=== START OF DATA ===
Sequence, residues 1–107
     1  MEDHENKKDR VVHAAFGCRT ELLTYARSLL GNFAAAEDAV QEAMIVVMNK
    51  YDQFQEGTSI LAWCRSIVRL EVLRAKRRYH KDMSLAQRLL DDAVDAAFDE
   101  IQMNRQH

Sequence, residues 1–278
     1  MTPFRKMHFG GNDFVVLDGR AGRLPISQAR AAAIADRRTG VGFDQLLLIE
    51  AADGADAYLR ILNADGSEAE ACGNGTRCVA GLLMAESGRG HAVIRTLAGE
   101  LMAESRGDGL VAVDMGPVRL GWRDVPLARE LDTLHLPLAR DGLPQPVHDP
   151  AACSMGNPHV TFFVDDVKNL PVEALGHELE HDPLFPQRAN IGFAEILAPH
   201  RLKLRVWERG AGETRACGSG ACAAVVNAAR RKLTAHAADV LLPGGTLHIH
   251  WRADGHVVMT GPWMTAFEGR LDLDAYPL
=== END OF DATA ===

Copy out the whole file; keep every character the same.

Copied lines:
Sequence, residues 1–107
     1  MEDHENKKDR VVHAAFGCRT ELLTYARSLL GNFAAAEDAV QEAMIVVMNK
    51  YDQFQEGTSI LAWCRSIVRL EVLRAKRRYH KDMSLAQRLL DDAVDAAFDE
   101  IQMNRQH

Sequence, residues 1–278
     1  MTPFRKMHFG GNDFVVLDGR AGRLPISQAR AAAIADRRTG VGFDQLLLIE
    51  AADGADAYLR ILNADGSEAE ACGNGTRCVA GLLMAESGRG HAVIRTLAGE
   101  LMAESRGDGL VAVDMGPVRL GWRDVPLARE LDTLHLPLAR DGLPQPVHDP
   151  AACSMGNPHV TFFVDDVKNL PVEALGHELE HDPLFPQRAN IGFAEILAPH
   201  RLKLRVWERG AGETRACGSG ACAAVVNAAR RKLTAHAADV LLPGGTLHIH
   251  WRADGHVVMT GPWMTAFEGR LDLDAYPL